Would automatic bans for drivers using mobiles finally prevent people from putting lives at risk on the roads?
The temptation is always there when driving, to glance away for a few seconds to check your phone that just vibrated or to answer a call you may think is extremely important. However, despite being a crime many still do it. Here Ben Marsden, an assistant solicitor with experience in dealing with road traffic collisions, writes about how stringent measures may cut down the number of collisions caused by drivers distracted by their phones.
It’s probably the driving offence now most commonly committed on the UK’s roads – using a mobile whilst behind the wheel.
Whether it be spending just a few seconds to answer a call, glancing at an incoming text, or more blatantly using a smartphone for social media or even to take pictures and videos, most people would find it hard to deny using their phone when driving at one time.
Over the past 10 years, more than 200 people have been killed in Britain in crashes involving drivers using hand-held mobile phones at the wheel.
The number of crashes in which phones have been involved is increasing, with almost 500 crashes caused by drivers who were using a hand-held phone in 2014, the highest number on record. Of those accidents, 21 proved fatal.
Accepted research has shown that drivers using any type of mobile phone – hands-free or not – are four times more likely to crash, injuring or killing themselves and other people.
However, it is a message which is largely ignored, as research recently conducted by our road accident claims team at Hudgell Solicitors has highlighted.
Asked which single new law would make the biggest difference to road safety in the UK, 45 per cent of respondents said an instant ban for being caught using a phone.
Interestingly, just 15 per cent thought a total ban on drinking alcohol before driving would result in less accidents on the roads.
In my view, these figures give an indication of acceptance that the law regarding mobile phone use is routinely broken. It suggests stronger punishments are needed to make drivers think, and not pick up their phone.
Without stronger punishments, many – and perhaps even those who consider themselves safe and considerate drivers – will take the risk.
Ministers last year announced plans which will see most first time offenders offered an educational course to learn about the risks of their behaviour after they are stopped by police.
Those who are ‘persistent offenders’ will face an increase from the current three penalty points to four, while fines will rise from £100 to £150.
The flaw here is that ‘first time offenders’, on the vast majority of occasions, will not be that. They’ll more likely be regular offenders who have been caught for the first time.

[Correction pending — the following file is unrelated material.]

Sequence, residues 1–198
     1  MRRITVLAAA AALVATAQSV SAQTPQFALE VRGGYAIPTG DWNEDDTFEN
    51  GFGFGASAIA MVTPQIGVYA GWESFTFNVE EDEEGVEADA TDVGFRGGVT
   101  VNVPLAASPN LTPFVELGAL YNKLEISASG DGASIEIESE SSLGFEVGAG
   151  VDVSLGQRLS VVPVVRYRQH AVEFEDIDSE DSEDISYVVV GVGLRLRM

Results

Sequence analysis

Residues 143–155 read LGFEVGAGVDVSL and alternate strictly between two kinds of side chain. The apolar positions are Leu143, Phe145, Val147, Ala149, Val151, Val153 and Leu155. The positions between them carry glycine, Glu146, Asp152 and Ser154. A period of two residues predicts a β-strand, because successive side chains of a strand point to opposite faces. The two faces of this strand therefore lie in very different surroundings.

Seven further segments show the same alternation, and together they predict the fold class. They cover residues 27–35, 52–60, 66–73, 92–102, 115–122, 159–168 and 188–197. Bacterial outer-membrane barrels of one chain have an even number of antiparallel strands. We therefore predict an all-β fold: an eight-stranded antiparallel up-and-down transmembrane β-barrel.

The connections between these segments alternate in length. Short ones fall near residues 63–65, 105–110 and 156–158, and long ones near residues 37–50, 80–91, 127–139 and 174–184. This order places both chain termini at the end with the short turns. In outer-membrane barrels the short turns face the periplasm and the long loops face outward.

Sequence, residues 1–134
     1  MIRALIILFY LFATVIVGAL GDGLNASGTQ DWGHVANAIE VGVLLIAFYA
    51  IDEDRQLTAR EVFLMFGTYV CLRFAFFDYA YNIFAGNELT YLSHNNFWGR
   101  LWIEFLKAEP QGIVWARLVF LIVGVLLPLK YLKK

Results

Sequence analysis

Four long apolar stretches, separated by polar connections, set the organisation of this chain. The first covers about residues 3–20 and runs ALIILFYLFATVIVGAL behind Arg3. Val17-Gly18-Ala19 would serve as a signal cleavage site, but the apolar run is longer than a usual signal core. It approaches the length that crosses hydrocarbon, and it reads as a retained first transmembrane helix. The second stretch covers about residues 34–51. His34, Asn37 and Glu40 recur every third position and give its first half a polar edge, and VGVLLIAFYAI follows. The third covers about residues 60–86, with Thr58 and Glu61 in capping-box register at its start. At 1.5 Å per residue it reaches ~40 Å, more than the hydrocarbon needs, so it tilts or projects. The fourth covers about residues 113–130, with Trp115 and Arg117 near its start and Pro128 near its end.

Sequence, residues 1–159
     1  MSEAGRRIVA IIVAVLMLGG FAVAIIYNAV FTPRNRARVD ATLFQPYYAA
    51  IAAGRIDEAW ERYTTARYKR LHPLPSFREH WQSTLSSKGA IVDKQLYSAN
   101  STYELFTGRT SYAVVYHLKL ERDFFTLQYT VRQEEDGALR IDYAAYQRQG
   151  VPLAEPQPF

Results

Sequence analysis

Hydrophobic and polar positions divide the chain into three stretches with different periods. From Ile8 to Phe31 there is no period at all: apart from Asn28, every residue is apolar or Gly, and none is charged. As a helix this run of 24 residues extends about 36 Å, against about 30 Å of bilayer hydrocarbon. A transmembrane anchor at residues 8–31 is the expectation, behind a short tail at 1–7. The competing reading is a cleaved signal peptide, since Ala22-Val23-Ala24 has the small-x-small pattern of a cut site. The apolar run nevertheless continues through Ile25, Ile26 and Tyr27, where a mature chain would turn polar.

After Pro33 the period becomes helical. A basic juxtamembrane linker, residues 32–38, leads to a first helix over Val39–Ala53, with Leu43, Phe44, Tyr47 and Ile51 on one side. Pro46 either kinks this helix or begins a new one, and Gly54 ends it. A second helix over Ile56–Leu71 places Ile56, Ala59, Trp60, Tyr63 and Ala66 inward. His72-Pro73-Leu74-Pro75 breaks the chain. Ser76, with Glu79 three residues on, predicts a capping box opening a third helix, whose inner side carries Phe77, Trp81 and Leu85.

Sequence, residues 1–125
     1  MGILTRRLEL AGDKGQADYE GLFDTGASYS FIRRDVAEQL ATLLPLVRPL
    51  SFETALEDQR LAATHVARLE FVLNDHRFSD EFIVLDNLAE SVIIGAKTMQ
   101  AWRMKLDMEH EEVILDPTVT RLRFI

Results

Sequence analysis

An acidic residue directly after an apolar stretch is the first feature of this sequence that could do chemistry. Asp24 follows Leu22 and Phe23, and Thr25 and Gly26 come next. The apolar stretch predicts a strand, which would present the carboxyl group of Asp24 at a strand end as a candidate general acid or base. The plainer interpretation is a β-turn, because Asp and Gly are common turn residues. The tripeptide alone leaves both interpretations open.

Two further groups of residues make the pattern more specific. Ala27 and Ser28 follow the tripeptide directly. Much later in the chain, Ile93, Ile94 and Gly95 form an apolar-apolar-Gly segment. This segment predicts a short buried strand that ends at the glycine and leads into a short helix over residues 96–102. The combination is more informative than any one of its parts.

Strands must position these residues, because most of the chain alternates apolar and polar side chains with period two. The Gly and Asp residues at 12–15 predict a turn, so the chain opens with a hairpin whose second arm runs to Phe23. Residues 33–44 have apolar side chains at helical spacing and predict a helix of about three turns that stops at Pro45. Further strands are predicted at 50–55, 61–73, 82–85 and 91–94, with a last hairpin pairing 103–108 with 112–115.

Also, why should there be such a thing as ‘persistent offenders’? Do we get persistent offenders of drink-driving being allowed to hold onto their licence? Certainly not.
I have previously written about my belief that such punishments are not strong enough, as I believe people currently do not associate the risk of being caught and punished for using a mobile anywhere near that of being caught drink-driving.
Unfortunately, we live in a world where many don’t think of the possible victims of their reckless actions, but more about the punishment they’ll face for breaking the law and causing injury to others.
It is with that in mind that I believe only much more serious punishments for mobile phone use will truly make a difference and improve safety on the roads.
At present, the punishment certainly doesn’t fit the crime, and that has to change.
"we live in a world where many don’t think of the possible victims of their reckless actions, but more about the punishment they’ll face for breaking the law and causing injury to others."
Did you mean to say "more about the punishment they'll face for breaking the law THAN causing injury to others"?
I have driven professionally for 40 years as a hgv road hauler. Banning mobile phones while driving might be a good idea to some.
New hgv lorries are 100 times worse then any mobile phone as they are now a bed on wheels. Automatic tricks are death traps as you just press a button and sit back. Using a mobile phone when you are nodding off at the wheel wakes you up.
Yep, you will all say if tired stop in the services for a quick kip. Hgv with unit and trailer are about 60feet long and all services day and night are swamped with drivers as well as our own.. I.e no parking spaces.
So you lot any ideas for hgv truck bed on wheels manufacturers?????